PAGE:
You know what they call an utter n00b down on the ranch? A greenhorn. So there's this greenhorn, okay? And he goes down to a ranch in Texas, right? After looking around the farm a bit, he went up to the farmer and asked him why that cow--the one in that field over there--had no horns. "Some cows, sir," replied the farmer, "some cows don't have horns because they're special-bred not to have any. And there are some cows where only the bull has horns, so that cow could just be female. And there are times when we have to remove the horns from a cow for some reason. But this cow has no horns because it is, in fact, a horse."

Cole is a greenhorn. When it comes to horses he's a gigantic, total n00b. And he likes it that way. Too bad his mom has had enough with his acting out: she just can't cope anymore. So she drives him to Philadelphia and dumps him on his dad's doorstep. Maybe your Daddy can help you find your way.

Cole is a city boy, so even if downtown Philly has new gangs, new schools, he figures, he knows what's up. But this crumbling rundown piece of downtown Philadelphia? It has stables, and horses. Cole's dad is the leader of the Philadelphia Street Riders: keeping horses, riding them, racing them; that's his whole life. Shoot, he even keeps one of the horses on the ground floor of the apartment. Cole is pretty ticked off at being dumped with his dad. He's pretty annoyed at having to share his living space with a horse. But the more he sees of the street riders. The more he learns about riding and caring for horses, the more Cole realizes: this is something special. Where else is a street kid like him ever going to get to race a horse?

Trouble is, the city wants to reclaim these old buildings and they're turning the screws on Cole's dad and the stables. The garbage collectors won't pick up any more. City code inspectors are suddenly showing up, handing out citatations. Cole might have changed his mind about the street riders just in time for the city to shut them down once and for all.

Unless they fight back.

Read about his story in Ghetto Cowboy. based on the real-life Street Riders of Philadelphia.

Booktalk by Kirsten Edwards, Teen Librarian
King County Library System, Washington

This Dark Endeavor by Kenneth Oppel

Where is the line between madness and brilliance? In this story it is almost invisible.
Victor Frankenstein as a teenager doesn’t know if he is gifted or cursed. His ability to solve equations and concoct magic-like potions drive him to the allure of the dark library in his father’s basement. When he, his twin brother Konrad, and long time friend Elizabeth are forbidden to ever enter the dark library again, that of course makes them even more fascinated. Then Konrad falls ill with a life threatening disease that not even the best doctor can diagnose. Now it is up to Victor and Elizabeth to discover and get the ingredients for the elixir of life, the only thing that might save Konrad. But just as the price of the final ingredient is made known not only does Victor realize it might be too expensive, but that Elizabeth, his one true love, has fallen in love with Konrad. Now Victor is faced with an ultimate choice, the loyalty of his twin brother or the attraction and deep love he feels for Elizabeth. What is more powerful than both? Alchemy!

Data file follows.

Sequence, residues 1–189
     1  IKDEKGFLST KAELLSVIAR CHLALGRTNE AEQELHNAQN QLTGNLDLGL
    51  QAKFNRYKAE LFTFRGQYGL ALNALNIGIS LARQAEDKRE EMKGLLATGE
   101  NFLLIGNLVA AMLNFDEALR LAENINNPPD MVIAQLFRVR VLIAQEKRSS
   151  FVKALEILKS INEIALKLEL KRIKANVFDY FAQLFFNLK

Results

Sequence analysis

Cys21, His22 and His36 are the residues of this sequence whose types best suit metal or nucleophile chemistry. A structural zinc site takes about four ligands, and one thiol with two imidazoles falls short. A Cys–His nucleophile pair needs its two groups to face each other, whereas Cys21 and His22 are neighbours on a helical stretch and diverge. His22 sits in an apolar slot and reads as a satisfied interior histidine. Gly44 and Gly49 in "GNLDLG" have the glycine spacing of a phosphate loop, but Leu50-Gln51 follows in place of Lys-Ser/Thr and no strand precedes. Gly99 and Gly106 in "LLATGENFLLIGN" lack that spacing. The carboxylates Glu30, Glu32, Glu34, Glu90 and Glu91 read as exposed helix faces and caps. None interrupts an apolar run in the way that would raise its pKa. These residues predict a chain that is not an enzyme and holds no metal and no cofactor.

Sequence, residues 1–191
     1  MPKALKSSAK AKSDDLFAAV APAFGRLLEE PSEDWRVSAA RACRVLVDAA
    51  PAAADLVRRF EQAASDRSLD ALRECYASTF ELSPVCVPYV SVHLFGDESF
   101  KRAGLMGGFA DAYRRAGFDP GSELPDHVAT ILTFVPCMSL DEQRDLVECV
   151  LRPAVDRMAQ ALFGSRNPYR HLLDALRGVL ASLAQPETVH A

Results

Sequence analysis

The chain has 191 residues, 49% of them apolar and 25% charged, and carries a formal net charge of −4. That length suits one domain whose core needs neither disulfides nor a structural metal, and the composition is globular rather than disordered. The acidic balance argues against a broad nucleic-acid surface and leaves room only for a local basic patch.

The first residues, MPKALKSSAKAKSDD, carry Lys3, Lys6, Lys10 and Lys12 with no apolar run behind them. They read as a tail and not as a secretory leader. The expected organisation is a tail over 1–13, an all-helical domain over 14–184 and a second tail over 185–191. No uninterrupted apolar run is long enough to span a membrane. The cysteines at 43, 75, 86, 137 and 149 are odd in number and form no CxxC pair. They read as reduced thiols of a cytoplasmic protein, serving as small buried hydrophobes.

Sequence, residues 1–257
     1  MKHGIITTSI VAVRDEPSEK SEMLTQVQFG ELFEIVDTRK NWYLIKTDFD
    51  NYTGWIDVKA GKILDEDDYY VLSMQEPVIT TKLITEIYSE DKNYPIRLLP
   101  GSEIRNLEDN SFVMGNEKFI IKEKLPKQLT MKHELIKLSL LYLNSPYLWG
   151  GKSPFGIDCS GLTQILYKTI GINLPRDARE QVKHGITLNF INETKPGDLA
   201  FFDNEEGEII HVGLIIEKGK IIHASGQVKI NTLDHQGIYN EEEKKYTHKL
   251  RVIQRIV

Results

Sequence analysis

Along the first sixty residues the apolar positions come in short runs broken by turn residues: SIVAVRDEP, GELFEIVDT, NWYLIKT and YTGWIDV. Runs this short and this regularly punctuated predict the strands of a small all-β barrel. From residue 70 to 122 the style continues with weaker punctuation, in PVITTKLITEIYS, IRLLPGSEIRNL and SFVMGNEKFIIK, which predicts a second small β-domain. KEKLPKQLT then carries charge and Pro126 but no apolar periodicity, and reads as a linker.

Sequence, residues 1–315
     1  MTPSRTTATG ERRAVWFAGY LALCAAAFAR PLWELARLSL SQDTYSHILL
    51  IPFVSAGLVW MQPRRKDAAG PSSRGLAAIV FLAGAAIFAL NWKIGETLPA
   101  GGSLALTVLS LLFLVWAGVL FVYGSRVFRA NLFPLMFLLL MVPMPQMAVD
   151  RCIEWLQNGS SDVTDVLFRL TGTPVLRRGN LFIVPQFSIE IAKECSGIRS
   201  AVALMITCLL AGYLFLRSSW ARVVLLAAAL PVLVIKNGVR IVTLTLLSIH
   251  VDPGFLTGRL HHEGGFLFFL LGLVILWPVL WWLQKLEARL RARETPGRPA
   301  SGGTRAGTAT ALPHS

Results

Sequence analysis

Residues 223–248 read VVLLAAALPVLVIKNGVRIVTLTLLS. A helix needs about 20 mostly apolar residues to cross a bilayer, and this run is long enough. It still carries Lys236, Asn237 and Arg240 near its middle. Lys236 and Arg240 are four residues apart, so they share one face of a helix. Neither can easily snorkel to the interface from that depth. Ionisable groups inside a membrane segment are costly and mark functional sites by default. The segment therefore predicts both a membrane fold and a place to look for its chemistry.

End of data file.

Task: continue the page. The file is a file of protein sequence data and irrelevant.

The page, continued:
Booktalk by Kathleen Dunbar, Teacher-Librarian
Cleveland High School, Seattle, Washington

Between Shades of Gray by Ruta Sepetys


So begins the story of 15 year old Lina, her 9 year old brother and their mother. In June, 1941, under cover of darkness, the Soviet secret police came for them. Loading them onto rail cars that will take them to Siberia and a life starkly different from their lives in Lithuania.

In their makeshift cabins, in the barren and isolated northern lands, Lina must learn to survive. She does so by any means necessary. There is death all around them – starvation and illness take lives daily. But Lina hangs on, inspired by her memories and her friendship with other prisoners, including a handsome teenage boy. With stolen paper and charcoal she uses her talents to smuggle out drawings of their new life. The possibility that her father may still be alive in another prison camp keeps the flame of hope burning.

Based on real events, this is a touching story of survival full of suspense and emotion. Learn a bit of history and put yourself in Lina’s place. What would you do to save your mother? Your brother? Yourself?